United States

Thousands participate in the XIII African American Catholic Congress in Washington, D.C.

The 13th National African American Catholic Congress was held in National Harbor, Maryland, south of Washington D.C., July 21-23. It is organized every five years, since 1889, and has among its objectives the creation of a pastoral plan of evangelization for the African American community.

Gonzalo Meza-July 24, 2023-Reading time: 3 minutes

Final Mass of the African National Eucharistic Congress in Maryland, 2023 ©OSV News photo/CNS file, Leslie E. Kossoff, Catholic Standard

The event brought together close to 3,000 people, including laity, clergy and organizations representing the various African-American Catholic communities in the country. The event featured presentations, lectures, discussions, as well as Masses and moments of prayer. The theme of the congress was inspired by Habakkuk 2, 2-3: "Write the vision: a prophetic call to prosper". According to the organizers: "We know that God is always speaking somewhere, so we must go to that place and listen to what God is calling us to do in order to act justly and in the ways of the Lord".

The Congress opened on July 21 with a Mass at the National Basilica of the Immaculate Conception in Washington D.C.. Cardinal Wilton Gregory, Archbishop of Washington, D.C., presided. Concelebrating at the liturgy were, among others, Cardinal Sean O'Malley, Archbishop of Boston; Archbishop Timothy P. Broglio, Archbishop of Boston; Msgr. Timothy P. Broglio, Archbishop of the United States Military Services and President of the North American Conference of Catholic Bishops, as well as 130 priests and 60 permanent deacons from 80 dioceses in the country. In his homily, Cardinal Gregory noted that Jesus offers us a redemptive vision of freedom, the freedom of God the Father, and calls all people to holiness. "Jesus chose disciples - ordinary men and women - and entrusted them with that life-changing redemptive vision. It is a treasure that we must share with all people," he said. In this regard, the cardinal alluded to six African-American Catholics whose causes are being analyzed for beatification and canonization, among them Venerable Mother Mary Elizabeth Lange, who in 1829 founded in Baltimore, Maryland, the first congregation of African-American women: the Oblate Servants of Providence; and Venerable Father Augustus Tolton, the first black American Catholic priest to be beatified and who participated in the first African-American Congress in 1889.

The inaugural ceremony was attended by the Apostolic Nuncio to the Holy See in United Statessaid Msgr. Christophe Pierre, who read a message from Pope Francis. In his letter, the pontiff exhorted the congress participants to be witnesses of the joy of the Gospel and to build the kingdom of God as missionary disciples of Jesus in the world. William Lori, Archbishop of Baltimore, who was one of the delegates at this congress, indicated that the event is of vital importance for the archdiocese, as it allows "the African-American Catholic community to come together to meet and share their gifts, as well as to discuss pastoral needs, plan evangelization and even foster transformation in the life of the church".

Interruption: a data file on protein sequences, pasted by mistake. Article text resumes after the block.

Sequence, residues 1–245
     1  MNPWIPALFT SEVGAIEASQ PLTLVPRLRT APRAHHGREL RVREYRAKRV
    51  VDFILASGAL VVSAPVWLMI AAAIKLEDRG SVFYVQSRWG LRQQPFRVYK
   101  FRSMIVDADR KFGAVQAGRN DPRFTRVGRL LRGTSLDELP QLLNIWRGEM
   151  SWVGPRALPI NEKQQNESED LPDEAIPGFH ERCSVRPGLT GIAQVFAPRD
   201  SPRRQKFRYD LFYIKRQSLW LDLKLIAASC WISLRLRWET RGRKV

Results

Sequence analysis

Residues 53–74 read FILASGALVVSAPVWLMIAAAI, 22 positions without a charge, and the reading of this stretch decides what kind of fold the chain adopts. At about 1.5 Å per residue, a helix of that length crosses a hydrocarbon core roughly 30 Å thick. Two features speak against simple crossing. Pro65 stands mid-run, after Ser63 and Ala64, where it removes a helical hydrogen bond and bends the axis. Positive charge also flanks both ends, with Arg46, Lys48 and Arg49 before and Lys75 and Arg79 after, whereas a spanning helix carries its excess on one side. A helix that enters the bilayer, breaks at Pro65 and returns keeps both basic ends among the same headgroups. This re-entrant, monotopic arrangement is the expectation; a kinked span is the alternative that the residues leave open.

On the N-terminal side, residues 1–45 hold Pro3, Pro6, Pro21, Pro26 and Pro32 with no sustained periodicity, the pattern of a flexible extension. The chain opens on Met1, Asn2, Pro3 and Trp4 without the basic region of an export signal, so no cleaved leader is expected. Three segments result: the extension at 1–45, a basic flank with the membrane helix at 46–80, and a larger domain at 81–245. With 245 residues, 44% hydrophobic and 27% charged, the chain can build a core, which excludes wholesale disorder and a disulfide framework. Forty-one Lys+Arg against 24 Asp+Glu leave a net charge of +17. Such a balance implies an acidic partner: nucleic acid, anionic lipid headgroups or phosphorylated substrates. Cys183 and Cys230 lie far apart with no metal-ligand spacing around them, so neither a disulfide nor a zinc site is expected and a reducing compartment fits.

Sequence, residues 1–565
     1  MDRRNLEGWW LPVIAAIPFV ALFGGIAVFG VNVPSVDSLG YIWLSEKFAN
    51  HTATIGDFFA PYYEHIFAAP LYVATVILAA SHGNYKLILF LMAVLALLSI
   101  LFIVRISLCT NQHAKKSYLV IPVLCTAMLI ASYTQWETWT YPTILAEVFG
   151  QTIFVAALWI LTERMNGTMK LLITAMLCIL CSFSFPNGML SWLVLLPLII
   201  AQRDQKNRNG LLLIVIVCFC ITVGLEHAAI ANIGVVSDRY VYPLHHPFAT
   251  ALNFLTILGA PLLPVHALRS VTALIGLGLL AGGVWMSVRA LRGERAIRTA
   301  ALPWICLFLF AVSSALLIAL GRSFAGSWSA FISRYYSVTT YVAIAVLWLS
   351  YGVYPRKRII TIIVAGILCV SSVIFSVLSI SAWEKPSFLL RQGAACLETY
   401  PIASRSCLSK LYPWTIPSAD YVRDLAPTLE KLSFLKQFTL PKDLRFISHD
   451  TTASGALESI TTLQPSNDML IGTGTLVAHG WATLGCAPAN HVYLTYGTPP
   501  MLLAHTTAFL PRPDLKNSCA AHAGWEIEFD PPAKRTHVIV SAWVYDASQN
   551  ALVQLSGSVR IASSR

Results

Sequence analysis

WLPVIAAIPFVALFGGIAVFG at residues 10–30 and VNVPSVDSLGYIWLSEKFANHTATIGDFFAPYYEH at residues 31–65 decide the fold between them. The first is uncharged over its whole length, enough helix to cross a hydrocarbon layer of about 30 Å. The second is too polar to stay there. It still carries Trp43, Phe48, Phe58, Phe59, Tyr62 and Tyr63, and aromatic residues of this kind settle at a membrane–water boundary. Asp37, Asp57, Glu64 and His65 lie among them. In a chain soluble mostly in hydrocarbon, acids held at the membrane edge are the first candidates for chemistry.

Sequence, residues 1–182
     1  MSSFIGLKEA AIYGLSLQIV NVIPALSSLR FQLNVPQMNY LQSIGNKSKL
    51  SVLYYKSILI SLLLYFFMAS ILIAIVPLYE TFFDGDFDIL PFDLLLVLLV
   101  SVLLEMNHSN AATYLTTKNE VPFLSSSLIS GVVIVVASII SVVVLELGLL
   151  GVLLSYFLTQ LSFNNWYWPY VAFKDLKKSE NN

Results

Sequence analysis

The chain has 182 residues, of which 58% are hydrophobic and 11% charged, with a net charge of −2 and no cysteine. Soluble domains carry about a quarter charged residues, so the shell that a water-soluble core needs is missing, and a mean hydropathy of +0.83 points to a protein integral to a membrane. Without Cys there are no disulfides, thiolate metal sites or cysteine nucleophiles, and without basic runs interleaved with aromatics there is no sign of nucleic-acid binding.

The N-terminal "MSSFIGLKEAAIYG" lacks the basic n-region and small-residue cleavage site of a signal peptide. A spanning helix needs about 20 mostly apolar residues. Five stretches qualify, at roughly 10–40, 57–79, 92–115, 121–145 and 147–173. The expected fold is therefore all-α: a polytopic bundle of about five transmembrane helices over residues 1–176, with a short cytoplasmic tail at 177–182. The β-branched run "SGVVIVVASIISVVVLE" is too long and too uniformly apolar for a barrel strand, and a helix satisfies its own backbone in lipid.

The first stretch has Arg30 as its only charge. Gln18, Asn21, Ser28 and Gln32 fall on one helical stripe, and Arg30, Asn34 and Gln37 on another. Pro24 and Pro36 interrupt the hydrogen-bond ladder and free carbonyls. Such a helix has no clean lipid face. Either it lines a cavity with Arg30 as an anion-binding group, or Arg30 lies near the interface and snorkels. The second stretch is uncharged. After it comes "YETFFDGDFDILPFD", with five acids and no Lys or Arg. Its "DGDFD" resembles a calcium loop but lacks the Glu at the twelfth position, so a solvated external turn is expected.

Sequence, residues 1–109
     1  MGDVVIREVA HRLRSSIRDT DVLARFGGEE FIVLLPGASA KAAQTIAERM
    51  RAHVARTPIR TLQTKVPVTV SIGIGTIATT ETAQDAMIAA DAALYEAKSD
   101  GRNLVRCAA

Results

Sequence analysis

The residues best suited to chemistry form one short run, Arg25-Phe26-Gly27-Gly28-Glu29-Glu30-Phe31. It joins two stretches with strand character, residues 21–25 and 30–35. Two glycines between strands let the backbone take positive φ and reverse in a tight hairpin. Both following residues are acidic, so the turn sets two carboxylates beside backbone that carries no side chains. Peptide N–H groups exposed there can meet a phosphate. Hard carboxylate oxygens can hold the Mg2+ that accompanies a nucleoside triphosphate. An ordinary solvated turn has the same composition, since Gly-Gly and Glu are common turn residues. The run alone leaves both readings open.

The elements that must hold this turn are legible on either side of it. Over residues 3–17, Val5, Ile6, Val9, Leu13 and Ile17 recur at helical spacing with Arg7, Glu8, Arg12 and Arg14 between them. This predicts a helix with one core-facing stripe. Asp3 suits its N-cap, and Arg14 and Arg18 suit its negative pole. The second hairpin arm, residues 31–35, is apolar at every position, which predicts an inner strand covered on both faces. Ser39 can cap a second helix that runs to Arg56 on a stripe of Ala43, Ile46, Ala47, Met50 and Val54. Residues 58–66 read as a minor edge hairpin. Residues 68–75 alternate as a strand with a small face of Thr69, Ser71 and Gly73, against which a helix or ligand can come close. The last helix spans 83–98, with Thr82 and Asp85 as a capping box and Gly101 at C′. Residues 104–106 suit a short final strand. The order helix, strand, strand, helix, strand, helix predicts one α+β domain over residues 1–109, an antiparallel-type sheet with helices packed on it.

This congress had a session dedicated to young people with the participation of Cardinal Gregory and the Bishop Emeritus of Memphis, Tennessee, J. Terry Steib. In their speeches, the prelates responded spontaneously to questions posed by the young people and thus referred to their vocation to the priesthood and the issue of racism. The Archbishop of Washington invited the young people to discover their vocation: "What does God want you to do? What would make you happy in life? What if one of those dreams were to give your life to the service of the Church? The cardinal also noted that in his life he has experienced racism: "Yes. I have experienced racism, but I have also seen how people change. My classmates in the seminary were all white. But it was an opportunity for them and for me to meet," adding that these experiences serve to help people get out of their comfort zones to get to know and recognize themselves.

This congress concluded on July 23 with a "Mass of Sending" presided over by Msgr. John H. Ricard, bishop emeritus of the Diocese of Pensacola-Tallahassee and since 2019 superior general of the Society of St. Joseph of the Sacred Heart, Josephites. In his homily, he encouraged the congressmen to bring the fire of the Holy Spirit to their African-American communities: "Light that flame and fan it. Don't let the fire go out," he said. Ricard also referred to the legacy left by the six African-Americans whose causes for beatification and canonization are in process: "This weekend we are here reaping what they sowed." In addition, Msgr. Ricard evoked the memory of African-American journalist Daniel Arthur Rudd, who was one of the founders of the Congress of African-American Catholics, first meeting in Washington in 1889. That founding group, Ricard said, "had the vision, the determination and the will to come together. Daniel Rudd believed that in the Catholic Church was the fullness of revelation and therein lay the answer to all the problems facing African-Americans at that time," he said.

Throughout its history this congress has also been dedicated to addressing issues affecting the African American community as a whole, on issues such as racial justice, economic inequality and disparities in health care and education. In that regard the Congress has made important contributions to the church and society by acting as a unifying force in the African American Catholic community.

The authorGonzalo Meza

Ciudad Juarez

Read more
La Brújula Newsletter Leave us your email and receive every week the latest news curated with a catholic point of view.